Abstract

A transient analysis of pulse formation and mode locking for parametric traveling-wave modulation is considered. Steady-state cavity mode-locking conditions providing pulse width, and chirp taking mirror or facet dispersion into account, are discussed. A Gaussian-pulse parameter analysis for dispersive compensation resulting in intracavity pulse compression is introduced. Numerical estimates for semiconductor lasers are given.

© 1986 Optical Society of America

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References

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  1. D. Haas, J. Wurl, J. McLean, T. K. Gustafson, Opt. Lett. 9, 445 (1984).
    [CrossRef] [PubMed]
  2. T. K. Gustafson, J. P. Taran, H. A. Haus, J. R. Lifsitz, P. L. Kelley, Phys. Rev. 177, 306 (1969).
    [CrossRef]
  3. H. C. Casey, D. D. Sell, M. B. Panish, Appl. Phys. Lett. 24, 63 (1974). As pointed out in Ref. 1, background material dispersion in GaAs is estimated to be ≅ 104 psec nm−1 km−1 in contrast to αgT22, which gives ≅ 105 psec nm−1 km−1. This ignores the Van Hove cusp, which may be avoided at the lasing frequency by using a large optical cavity. We note that this also implies equal mode spacing for continuous-wave oscillation.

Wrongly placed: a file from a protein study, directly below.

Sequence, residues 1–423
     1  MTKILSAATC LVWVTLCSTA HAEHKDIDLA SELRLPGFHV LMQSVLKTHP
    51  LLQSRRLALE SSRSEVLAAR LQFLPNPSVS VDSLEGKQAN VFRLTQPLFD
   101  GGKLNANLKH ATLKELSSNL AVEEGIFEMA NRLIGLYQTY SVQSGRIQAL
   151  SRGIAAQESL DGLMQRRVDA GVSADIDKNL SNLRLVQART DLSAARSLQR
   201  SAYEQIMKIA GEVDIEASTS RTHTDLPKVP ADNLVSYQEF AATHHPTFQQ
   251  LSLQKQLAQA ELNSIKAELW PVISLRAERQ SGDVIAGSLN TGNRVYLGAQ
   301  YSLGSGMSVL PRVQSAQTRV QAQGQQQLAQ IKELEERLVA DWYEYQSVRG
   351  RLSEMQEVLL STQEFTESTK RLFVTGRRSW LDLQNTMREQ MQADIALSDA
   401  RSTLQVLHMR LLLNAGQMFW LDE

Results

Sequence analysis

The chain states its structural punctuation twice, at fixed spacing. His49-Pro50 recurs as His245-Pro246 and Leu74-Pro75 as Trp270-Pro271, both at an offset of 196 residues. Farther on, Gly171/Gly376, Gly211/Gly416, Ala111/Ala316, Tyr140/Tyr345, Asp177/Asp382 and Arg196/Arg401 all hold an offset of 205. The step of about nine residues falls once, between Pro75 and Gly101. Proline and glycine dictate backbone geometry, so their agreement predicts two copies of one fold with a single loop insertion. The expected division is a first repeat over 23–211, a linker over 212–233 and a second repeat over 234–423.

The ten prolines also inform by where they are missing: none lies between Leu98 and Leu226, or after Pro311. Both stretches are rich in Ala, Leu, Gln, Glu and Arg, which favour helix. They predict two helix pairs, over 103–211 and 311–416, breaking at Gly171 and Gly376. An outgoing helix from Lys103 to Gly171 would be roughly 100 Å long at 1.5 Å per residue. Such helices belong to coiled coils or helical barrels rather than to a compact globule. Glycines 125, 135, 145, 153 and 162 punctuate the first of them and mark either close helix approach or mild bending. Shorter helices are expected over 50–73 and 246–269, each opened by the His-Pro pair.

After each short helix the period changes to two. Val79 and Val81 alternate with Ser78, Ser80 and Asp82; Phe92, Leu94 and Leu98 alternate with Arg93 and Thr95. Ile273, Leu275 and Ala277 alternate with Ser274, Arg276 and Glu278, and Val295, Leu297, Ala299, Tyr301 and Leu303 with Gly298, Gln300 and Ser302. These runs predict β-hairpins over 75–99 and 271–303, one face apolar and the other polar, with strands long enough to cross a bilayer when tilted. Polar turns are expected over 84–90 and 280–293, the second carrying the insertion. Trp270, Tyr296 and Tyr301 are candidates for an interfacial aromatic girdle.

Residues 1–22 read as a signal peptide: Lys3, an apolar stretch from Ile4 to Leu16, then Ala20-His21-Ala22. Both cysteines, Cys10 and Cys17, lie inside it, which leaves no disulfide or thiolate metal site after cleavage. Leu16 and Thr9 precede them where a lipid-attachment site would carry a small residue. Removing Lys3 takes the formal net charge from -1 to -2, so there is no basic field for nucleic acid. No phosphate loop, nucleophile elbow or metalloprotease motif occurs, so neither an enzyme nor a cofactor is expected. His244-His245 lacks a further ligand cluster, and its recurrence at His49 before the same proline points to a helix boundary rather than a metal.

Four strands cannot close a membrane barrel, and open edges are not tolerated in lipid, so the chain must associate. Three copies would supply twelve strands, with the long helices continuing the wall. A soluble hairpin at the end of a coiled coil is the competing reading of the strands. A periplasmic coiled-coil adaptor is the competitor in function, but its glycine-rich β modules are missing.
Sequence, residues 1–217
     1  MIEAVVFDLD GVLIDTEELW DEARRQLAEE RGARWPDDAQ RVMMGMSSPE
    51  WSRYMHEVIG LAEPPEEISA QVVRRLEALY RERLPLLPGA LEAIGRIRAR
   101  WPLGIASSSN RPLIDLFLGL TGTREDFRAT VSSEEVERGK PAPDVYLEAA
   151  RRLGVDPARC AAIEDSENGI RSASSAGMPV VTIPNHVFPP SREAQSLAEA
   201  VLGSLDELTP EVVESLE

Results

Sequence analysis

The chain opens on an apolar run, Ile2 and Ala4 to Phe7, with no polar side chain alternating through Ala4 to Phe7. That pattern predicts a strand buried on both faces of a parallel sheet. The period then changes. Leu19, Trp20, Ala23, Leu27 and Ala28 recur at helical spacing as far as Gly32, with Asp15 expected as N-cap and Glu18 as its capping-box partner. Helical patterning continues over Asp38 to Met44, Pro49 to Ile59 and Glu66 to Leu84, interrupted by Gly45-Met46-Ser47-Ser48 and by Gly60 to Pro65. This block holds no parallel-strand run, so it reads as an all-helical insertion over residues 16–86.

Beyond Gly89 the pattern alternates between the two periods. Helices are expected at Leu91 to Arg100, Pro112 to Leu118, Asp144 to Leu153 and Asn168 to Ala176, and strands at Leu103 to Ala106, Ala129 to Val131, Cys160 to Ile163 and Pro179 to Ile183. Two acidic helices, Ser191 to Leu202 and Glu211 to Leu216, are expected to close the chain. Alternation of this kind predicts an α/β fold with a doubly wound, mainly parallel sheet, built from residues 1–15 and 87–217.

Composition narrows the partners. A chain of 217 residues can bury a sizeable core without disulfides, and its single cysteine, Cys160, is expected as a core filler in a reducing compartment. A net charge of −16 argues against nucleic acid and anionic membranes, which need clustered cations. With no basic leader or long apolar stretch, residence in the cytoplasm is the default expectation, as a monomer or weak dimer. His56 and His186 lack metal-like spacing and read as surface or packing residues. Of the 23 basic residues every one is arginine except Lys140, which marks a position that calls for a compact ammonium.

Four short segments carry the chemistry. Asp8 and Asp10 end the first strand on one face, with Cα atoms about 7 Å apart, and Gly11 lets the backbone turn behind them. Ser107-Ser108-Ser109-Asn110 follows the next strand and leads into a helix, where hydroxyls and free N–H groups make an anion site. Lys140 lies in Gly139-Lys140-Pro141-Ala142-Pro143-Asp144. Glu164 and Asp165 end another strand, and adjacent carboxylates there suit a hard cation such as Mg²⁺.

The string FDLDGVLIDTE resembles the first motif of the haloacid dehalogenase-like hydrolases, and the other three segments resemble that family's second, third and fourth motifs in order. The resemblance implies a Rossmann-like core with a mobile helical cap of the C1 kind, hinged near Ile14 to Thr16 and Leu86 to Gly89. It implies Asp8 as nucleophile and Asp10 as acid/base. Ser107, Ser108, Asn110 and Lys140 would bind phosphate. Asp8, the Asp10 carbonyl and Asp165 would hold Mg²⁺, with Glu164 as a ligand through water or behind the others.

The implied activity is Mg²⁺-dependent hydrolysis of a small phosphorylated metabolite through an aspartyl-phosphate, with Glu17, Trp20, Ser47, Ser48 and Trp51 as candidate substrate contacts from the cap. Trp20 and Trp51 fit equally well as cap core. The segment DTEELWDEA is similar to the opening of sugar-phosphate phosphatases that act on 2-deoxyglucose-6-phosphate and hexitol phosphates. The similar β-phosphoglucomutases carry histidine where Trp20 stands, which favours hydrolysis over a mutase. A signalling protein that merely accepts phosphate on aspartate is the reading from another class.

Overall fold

[CrossRef]
  4. J. P. van der Ziel, R. A. Logan, IEEE J. Quantum Electron. QE-19, 164 (1983). For a laser with confinement factors of 0.42 and 0.24 a value for the real part of ∂2k/∂ω2 is found to be of the same order of magnitude as the value of αgT22 assumed here.
    [CrossRef]
  5. D. J. Kuizenga, A. E. Siegman, IEEE J. Quantum Electron. QE-6, 694 (1970).
    [CrossRef]
  6. D. J. Kuizenga, D. W. Phillion, T. Lund, A. E. Siegman, Opt. Commun. 9, 221 (1973).
    [CrossRef]
  7. A. Yariv, Quantum Electronics, 2nd ed. (Wiley, New York, 1975).
  8. P. Laporta, V. Magni, Appl. Opt. 24, 2014 (1985).
    [CrossRef] [PubMed]
  9. H. A. Haus, Jpn. J. Appl. Phys. 20, 1007 (1981).
    [CrossRef]
  10. H. B. Dwight, Tables of Integrals and Other Mathematical Data, 4th ed. (Macmillan, Toronto. 1961).

1985

1984

1983

J. P. van der Ziel, R. A. Logan, IEEE J. Quantum Electron. QE-19, 164 (1983). For a laser with confinement factors of 0.42 and 0.24 a value for the real part of ∂2k/∂ω2 is found to be of the same order of magnitude as the value of αgT22 assumed here.
[CrossRef]

1981

H. A. Haus, Jpn. J. Appl. Phys. 20, 1007 (1981).
[CrossRef]

1974

H. C. Casey, D. D. Sell, M. B. Panish, Appl. Phys. Lett. 24, 63 (1974). As pointed out in Ref. 1, background material dispersion in GaAs is estimated to be ≅ 104 psec nm−1 km−1 in contrast to αgT22, which gives ≅ 105 psec nm−1 km−1. This ignores the Van Hove cusp, which may be avoided at the lasing frequency by using a large optical cavity. We note that this also implies equal mode spacing for continuous-wave oscillation.
[CrossRef]

1973

D. J. Kuizenga, D. W. Phillion, T. Lund, A. E. Siegman, Opt. Commun. 9, 221 (1973).
[CrossRef]

1970

D. J. Kuizenga, A. E. Siegman, IEEE J. Quantum Electron. QE-6, 694 (1970).
[CrossRef]

1969

T. K. Gustafson, J. P. Taran, H. A. Haus, J. R. Lifsitz, P. L. Kelley, Phys. Rev. 177, 306 (1969).
[CrossRef]

Casey, H. C.